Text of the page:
<BLOCKQUOTE class="ip-ubbcode-quote"><font size="-1">quote:</font><HR>Originally posted by RV Roamer:
As bpe1 says, try moving it before deciding something is broken. It may well cure itself. However, most ABS systems run a set of self-diagnostics when the key is turned on and it is possible yours has detected a problem, such as the inability to get feedback from each wheel speed sensor. A brake technician can read a diagnostic code from the ABS computer to find out why the warning light came (on).
You need not fear total brake failure, though. The ABS light means the anti-lock feature may not operate, but you still have full braking capability. The coach is safe to drive in normal road conditions. <HR></BLOCKQUOTE>
Very well put, Gary! I agree 100%.
I had the same thing happening on my rig for awhile and found the light would go out and stay off after I started to drive (about 6 mph as bpe1 mentioned). Since I am a GM technician I plugged in the scan tool and found a history code for the L/R wheel speed sensor. I looked at the wiring and connections at the wheel and all appeared OK. I have a friend who used to work at a GMC dealer and he told me that there were some vehicles that left the factory without having their brake computers properly calibrated. There is a setup procedure that must be performed, using a scan tool, to assign the proper "Tire size calibration" in every new or replacement EBCM (Electronic Brake Control Module). I checked mine and it had NOT been calibrated. (This must be done with a GM scan tool linked to the ABS computer.) I calibrated my proper tire size into the computer and cleared the diagnostic code and the ABS light hasn't come back on since.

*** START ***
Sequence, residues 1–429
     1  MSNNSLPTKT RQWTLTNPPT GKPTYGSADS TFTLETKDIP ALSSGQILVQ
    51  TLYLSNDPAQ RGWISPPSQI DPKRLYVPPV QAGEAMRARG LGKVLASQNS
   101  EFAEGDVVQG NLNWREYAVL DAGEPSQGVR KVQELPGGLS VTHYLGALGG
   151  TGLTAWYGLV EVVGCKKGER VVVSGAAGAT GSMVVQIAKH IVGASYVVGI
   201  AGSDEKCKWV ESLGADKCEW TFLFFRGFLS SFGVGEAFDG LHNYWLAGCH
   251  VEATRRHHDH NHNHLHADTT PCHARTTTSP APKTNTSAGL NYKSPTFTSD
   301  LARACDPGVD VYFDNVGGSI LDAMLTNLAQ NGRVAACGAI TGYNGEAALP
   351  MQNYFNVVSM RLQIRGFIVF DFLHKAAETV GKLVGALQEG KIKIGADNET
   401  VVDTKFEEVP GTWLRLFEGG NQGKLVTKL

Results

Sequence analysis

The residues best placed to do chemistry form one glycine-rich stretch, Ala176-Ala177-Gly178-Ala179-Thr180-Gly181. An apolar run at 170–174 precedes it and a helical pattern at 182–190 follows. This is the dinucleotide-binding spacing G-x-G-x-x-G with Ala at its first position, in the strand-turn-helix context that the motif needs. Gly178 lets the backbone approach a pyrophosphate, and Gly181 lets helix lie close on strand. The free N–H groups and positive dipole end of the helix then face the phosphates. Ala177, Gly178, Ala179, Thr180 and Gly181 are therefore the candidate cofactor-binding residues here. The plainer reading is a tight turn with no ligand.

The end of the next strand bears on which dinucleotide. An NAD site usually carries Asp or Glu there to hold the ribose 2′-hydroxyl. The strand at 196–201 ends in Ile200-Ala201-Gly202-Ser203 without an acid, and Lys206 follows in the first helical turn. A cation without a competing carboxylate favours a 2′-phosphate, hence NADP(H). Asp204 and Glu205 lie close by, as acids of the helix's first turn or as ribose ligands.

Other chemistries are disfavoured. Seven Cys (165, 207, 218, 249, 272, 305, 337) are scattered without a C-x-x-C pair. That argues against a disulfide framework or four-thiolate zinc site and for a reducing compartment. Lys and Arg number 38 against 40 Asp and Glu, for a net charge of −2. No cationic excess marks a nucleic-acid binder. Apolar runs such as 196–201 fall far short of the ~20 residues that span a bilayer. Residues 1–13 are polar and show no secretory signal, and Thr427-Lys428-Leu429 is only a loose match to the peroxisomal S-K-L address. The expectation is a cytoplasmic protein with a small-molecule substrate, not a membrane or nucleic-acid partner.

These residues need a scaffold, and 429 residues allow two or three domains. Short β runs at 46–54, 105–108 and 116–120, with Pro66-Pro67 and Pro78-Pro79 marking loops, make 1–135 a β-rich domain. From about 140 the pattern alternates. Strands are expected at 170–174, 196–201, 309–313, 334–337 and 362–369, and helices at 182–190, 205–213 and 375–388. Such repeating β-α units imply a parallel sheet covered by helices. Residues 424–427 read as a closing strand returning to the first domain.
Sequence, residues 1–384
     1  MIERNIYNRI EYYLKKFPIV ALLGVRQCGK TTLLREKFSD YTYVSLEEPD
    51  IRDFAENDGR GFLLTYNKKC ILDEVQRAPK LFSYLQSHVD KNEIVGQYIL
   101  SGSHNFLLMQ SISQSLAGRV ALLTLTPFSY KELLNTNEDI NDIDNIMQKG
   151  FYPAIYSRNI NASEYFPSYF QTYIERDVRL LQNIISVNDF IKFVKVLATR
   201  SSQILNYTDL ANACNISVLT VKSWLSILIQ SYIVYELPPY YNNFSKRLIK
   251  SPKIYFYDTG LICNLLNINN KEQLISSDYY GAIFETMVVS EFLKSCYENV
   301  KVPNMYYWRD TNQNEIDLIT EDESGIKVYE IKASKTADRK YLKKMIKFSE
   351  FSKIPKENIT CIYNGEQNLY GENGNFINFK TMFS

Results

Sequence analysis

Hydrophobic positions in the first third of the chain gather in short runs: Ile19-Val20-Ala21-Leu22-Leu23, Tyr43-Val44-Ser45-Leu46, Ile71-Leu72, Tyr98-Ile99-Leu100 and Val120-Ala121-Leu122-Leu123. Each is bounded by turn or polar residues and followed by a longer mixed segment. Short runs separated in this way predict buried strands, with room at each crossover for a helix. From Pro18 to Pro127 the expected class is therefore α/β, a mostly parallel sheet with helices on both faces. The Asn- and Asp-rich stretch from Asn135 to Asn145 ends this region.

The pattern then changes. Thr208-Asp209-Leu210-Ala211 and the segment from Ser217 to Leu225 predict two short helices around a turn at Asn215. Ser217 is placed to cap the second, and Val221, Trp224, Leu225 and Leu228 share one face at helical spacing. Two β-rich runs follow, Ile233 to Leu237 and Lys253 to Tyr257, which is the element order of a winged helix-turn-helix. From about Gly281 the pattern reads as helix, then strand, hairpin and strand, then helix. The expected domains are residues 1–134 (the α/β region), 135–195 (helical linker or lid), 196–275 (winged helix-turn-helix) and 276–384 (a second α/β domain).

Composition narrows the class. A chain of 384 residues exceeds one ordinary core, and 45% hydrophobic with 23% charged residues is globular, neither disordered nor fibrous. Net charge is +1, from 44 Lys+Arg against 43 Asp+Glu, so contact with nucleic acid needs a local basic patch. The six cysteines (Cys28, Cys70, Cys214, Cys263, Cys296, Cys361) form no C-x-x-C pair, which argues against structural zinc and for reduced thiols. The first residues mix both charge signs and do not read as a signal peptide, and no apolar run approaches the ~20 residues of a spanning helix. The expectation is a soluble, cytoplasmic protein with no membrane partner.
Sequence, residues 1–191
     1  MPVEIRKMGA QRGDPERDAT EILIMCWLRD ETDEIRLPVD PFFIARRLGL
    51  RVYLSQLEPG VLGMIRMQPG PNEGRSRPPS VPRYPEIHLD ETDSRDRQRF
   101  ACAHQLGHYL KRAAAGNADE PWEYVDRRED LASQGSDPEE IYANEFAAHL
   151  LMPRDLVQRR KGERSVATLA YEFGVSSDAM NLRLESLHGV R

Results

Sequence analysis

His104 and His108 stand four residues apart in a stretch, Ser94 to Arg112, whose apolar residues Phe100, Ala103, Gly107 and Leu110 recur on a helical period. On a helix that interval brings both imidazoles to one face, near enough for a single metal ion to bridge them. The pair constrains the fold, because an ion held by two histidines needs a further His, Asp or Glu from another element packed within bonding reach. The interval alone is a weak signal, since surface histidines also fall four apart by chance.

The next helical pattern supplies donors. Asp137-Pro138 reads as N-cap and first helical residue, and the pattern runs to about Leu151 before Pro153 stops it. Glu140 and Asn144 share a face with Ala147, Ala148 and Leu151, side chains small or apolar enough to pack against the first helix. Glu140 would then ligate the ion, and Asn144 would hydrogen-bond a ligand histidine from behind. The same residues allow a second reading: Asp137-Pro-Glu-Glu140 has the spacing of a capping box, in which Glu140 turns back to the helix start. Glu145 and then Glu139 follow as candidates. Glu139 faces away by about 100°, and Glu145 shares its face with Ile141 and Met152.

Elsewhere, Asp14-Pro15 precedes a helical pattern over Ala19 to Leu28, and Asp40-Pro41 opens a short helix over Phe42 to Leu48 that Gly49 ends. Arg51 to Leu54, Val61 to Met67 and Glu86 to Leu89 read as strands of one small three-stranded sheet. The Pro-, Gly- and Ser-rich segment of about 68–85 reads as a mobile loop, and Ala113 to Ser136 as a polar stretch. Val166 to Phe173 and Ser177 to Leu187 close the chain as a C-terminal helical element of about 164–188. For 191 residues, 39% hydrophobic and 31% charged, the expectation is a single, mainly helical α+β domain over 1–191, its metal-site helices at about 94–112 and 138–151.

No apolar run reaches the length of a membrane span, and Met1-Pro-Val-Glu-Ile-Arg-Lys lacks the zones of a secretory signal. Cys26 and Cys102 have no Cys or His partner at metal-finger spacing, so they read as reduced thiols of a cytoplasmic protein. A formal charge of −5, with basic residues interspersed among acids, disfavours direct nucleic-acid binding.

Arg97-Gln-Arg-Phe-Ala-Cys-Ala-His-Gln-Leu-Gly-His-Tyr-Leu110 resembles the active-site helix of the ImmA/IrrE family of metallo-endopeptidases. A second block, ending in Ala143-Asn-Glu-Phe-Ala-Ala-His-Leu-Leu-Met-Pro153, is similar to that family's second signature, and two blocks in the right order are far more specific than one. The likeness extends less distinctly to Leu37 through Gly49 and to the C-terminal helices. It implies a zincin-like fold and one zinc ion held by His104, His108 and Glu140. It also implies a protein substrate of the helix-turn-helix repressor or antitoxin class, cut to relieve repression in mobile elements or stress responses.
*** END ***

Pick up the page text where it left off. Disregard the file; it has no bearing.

I imagine you'd not be able to do this yourself, but could ask your local WH dealer to check it.
Jim & Linda
'03 Winnebago Adventurer 35U (W22)
'06 Saturn Vue Toad